Harun Morrison: How Does The City Speak on Lockdown?
Advisor/tutor: Ghalya Saadawi
This thesis explores the notion of a city speaking and how this speech is altered by shifting spatial-temporal conditions. I use ecological and post-Marxist theory, urban studies, sociology, environmental legal theory, and diaristic observation to do this. I focus on Saskia Sassen’s 2013 essay ‘Does the City Have Speech?’ (which argues the city has the capacity to respond systematically to operations within it to protect cityness-of-the-city) to elaborate how the city speaks in the context of the Covid-19 lockdowns 2020-21.
I do this by replicating aspects of virus behaviour in relation to Sassen’s text. Through this method, the 2013 text is treated as a body, reproducing and mutating Sassen’s own approaches which she refers to as ‘analytic tactics’, to produce lockdown-specific examples of the city ‘speaking’. These examples examine the presence of animals in cities, the role of virtual gatherings in relation to public space, and the significance of prefabricated emergency architecture.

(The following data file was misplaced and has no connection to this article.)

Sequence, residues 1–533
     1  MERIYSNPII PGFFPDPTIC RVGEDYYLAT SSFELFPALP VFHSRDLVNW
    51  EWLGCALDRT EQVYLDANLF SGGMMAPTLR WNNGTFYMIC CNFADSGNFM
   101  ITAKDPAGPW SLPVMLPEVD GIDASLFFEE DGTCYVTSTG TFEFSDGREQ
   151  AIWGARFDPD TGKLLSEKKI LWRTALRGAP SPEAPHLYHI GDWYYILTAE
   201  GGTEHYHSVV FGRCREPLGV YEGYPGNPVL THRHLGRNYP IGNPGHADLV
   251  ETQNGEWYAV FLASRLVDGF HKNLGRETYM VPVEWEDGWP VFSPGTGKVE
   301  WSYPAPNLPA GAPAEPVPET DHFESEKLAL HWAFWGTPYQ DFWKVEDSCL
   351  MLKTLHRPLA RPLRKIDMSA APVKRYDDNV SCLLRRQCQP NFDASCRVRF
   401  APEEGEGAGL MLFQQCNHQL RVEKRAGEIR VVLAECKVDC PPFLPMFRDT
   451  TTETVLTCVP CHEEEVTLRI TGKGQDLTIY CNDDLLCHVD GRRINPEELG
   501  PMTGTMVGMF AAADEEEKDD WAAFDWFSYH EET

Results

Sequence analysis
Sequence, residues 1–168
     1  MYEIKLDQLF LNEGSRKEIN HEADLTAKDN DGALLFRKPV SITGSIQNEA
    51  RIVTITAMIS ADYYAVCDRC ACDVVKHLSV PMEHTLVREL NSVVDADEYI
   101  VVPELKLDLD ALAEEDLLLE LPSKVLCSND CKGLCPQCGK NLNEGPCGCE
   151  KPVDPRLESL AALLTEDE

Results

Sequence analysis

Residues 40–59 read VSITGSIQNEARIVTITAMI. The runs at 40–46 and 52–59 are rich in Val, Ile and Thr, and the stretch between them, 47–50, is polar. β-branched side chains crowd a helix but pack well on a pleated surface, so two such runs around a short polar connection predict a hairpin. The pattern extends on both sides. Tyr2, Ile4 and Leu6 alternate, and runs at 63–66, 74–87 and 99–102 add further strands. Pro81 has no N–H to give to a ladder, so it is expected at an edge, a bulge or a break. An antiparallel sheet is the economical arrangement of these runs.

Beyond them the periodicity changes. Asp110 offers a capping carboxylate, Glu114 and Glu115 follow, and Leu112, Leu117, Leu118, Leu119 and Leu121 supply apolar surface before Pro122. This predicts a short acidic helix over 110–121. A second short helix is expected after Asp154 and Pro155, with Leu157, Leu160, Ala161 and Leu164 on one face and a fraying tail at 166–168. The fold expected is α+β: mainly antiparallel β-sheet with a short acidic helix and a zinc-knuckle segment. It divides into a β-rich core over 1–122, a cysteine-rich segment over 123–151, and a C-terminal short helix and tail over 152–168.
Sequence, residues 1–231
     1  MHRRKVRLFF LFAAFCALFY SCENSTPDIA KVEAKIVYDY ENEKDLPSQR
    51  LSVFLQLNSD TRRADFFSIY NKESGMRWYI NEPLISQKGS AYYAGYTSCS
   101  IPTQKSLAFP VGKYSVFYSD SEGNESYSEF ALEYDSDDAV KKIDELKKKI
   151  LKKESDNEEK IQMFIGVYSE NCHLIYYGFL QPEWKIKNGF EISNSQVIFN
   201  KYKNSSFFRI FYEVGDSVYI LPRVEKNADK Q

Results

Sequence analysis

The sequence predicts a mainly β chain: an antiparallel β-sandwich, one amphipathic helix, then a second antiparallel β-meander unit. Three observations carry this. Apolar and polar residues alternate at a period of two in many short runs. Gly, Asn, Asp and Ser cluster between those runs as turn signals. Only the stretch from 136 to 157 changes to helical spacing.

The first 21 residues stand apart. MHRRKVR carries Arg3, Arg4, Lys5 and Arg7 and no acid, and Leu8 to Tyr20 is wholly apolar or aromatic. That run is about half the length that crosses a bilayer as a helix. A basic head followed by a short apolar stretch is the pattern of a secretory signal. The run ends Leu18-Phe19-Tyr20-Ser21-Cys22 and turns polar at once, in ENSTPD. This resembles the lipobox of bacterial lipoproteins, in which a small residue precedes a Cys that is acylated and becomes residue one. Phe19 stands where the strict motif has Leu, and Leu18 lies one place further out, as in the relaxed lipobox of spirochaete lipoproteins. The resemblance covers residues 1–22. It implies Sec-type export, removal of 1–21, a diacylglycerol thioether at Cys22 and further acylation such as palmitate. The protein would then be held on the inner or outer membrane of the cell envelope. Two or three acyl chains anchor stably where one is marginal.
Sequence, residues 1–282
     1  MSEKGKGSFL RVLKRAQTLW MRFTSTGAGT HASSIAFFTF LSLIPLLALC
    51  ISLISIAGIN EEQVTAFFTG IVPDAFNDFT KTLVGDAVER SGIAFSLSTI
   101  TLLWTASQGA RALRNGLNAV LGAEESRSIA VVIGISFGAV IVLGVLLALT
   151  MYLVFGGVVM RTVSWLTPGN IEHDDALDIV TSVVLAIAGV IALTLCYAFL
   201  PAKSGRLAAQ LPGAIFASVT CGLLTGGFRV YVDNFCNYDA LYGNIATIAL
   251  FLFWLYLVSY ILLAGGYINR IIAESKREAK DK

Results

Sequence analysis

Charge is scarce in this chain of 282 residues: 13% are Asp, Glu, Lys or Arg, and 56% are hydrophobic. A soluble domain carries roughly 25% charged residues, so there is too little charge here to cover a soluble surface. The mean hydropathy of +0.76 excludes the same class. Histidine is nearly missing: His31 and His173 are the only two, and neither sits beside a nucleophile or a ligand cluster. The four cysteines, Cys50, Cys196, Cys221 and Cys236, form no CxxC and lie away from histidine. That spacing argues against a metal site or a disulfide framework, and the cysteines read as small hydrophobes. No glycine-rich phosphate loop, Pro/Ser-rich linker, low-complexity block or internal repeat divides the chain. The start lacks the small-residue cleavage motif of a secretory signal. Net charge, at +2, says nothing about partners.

Building on Sassen’s premise, I argue that the notion of the city speaking is not constant or homogeneous, and sites I label ‘temporally-indeterminate-landscapes’ (such as inner city waterways, open spaces like the Wanstead Flats, and online multiplayer role-playing games) are key indicators and focal points through which to consider the city’s speech in states of emergency. At the same time, the growth of virtual spaces and of platform capitalism as a whole complicates how and from where the city speaks, generating lacunae which obscure the legibility of this speech.
I conclude with how listening to the city’s speech (and recognising what we cannot hear) can inform current debates on the redesign of cities, particularly London. I argue for an inclusive city that acknowledges the data and time-needs of its minoritised communities (not solely those of income and housing) and reprioritises its other-than-human inhabitants. This requires a distinction between an ecosophical city as opposed to the proposition of a ‘Green City’, which has resurged as a post-Covid, economic stimulus option from the liberal centre and other quarters.